VWPAVictim and Witness Protection Act of 1982 (United States)
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Criminal or Civil Nature of the VWPA and MVRA Through the Lens of the Ex
to restitution orders under the MVRA and VWPA); see also Judge William
Congress implemented the VWPA and the MVRA "to add a punitive
In response to the Task Force's Final Report, Congress passed the VWPA, which codified numerous recommendations made in the report.
(18) Neither pain and suffering nor lost wages were compensated under the VWPA. See Note, Victim Restitution in the Criminal Process: A Procedural Analysis, 97 HARV.
(36) The court also relied heavily on a contextual interpretation of [section] 2259, arguing [section] 2259 provides greater protection for victims than do the VWPA or MVRA, and therefore, a narrow interpretation of its proximate causation requirement would be "contrary to the purposes of restitution under [section] 2259." (37) In direct contradiction to the rulings of the Second, Ninth, and Eleventh Circuits, the First Circuit held that proof of specific linkage between a defendant's offense and a victim's harm is unnecessary for finding proximate causation satisfied in possession cases.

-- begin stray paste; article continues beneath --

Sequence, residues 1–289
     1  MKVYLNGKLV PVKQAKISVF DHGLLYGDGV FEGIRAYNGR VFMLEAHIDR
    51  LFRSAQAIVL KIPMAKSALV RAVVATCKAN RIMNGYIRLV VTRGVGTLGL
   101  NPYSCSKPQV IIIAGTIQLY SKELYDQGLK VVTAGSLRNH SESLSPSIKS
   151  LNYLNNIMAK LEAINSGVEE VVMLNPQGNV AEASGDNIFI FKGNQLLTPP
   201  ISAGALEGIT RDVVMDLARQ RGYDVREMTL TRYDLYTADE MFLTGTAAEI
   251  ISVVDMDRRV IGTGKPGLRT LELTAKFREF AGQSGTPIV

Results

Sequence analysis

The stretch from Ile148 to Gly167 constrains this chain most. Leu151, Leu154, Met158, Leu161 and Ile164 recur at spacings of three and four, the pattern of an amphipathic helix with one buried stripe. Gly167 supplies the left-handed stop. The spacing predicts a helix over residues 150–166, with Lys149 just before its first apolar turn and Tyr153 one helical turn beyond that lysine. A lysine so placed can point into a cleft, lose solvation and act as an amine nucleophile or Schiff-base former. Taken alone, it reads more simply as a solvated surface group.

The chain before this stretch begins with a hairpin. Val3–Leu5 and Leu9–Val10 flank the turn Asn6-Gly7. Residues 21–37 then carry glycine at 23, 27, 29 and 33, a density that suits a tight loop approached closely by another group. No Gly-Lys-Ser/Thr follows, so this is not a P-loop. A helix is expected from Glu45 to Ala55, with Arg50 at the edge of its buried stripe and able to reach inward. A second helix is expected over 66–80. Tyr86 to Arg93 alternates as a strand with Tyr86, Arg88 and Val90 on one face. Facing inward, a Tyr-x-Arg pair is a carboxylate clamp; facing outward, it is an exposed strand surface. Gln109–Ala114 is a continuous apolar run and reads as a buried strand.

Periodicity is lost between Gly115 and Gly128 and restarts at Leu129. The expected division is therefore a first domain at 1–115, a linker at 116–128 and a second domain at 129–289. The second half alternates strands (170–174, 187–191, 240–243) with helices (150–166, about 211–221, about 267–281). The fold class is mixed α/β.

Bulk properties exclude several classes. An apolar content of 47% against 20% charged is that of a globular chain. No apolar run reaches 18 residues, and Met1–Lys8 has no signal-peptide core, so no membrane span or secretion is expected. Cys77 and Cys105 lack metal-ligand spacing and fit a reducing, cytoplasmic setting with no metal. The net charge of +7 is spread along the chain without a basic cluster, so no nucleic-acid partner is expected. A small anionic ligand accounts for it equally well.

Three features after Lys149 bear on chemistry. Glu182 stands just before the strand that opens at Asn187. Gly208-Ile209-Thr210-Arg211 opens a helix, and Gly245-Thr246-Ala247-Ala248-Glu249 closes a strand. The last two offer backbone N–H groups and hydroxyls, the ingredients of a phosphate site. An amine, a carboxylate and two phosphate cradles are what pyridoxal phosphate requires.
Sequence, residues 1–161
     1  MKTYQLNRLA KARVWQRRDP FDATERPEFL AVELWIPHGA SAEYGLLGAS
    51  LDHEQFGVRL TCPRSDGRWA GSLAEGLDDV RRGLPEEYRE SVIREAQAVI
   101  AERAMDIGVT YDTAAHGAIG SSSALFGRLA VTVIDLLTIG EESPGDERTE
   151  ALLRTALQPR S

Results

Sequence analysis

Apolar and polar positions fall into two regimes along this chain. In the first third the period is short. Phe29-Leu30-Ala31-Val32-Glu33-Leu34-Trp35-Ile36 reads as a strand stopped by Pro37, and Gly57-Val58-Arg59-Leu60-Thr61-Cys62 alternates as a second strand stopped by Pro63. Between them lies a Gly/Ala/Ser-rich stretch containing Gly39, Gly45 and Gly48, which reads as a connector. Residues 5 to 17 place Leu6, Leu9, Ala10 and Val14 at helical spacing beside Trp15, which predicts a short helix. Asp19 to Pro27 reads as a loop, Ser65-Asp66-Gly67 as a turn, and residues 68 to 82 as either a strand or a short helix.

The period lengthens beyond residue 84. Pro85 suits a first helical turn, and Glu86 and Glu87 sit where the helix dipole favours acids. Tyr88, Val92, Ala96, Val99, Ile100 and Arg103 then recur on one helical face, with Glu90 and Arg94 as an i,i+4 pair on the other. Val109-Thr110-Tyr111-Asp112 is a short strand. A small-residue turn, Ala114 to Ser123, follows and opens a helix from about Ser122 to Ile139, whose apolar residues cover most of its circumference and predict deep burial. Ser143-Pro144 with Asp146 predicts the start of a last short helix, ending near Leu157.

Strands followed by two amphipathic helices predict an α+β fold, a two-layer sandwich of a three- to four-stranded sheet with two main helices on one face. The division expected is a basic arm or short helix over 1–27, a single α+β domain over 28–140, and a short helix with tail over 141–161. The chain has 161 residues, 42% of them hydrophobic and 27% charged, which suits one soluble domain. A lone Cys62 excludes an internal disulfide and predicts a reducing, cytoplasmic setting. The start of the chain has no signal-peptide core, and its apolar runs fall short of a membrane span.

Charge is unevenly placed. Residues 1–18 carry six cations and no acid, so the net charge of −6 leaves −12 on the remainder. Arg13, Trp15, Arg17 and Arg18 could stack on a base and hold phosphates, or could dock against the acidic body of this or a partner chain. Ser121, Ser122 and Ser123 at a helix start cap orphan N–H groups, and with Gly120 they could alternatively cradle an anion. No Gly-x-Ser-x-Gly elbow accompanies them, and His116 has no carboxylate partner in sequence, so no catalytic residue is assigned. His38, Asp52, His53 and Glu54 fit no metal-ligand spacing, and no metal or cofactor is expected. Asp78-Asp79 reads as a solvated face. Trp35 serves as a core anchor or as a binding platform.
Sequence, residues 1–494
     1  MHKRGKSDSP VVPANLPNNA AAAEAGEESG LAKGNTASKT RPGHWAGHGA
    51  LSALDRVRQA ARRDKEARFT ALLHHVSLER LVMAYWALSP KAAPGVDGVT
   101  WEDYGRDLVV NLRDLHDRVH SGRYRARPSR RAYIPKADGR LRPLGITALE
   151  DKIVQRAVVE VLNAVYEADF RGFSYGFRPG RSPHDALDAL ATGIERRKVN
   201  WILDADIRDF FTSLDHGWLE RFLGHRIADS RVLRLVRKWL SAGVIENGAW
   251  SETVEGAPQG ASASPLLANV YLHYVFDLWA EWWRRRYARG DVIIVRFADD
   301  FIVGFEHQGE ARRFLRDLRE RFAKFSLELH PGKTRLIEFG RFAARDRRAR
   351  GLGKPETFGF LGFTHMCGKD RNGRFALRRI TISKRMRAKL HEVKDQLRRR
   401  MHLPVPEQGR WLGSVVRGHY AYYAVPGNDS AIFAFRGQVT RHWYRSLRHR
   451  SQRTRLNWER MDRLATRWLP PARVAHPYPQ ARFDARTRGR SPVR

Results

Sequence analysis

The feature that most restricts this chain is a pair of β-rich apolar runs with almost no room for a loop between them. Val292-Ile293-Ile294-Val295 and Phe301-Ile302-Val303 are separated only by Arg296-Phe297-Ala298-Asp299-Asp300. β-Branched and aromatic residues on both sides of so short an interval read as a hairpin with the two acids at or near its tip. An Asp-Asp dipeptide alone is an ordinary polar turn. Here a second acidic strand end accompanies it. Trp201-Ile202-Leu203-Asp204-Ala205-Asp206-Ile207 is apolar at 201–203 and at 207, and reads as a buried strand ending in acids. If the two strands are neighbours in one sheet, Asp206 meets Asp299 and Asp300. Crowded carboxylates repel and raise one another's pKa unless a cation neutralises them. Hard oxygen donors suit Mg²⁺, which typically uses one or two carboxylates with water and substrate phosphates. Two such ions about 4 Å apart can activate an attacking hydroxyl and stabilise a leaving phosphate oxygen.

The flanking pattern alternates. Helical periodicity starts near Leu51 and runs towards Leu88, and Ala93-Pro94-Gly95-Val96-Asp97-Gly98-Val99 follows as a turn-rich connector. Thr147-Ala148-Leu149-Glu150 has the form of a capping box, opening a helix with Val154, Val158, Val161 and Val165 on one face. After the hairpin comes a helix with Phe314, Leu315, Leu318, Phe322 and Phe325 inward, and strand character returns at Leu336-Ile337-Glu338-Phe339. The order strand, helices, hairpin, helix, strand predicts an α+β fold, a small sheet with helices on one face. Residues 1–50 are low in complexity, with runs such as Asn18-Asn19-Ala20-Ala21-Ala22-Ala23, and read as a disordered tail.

[section] 3663(a)(1)(A) (stating courts "may order" restitution under VWPA); United States v.
The court held that the sums expended by the left-behind mother in trying to recover her children from Germany under the AC proceedings were direct losses within the VWPA. (161) It should be noted that in this case compensation was ordered even though the children were not returned under the AC proceedings.
This was a change from the VWPA, which allowed a court to decline ordering restitution based on a defendant's indigency.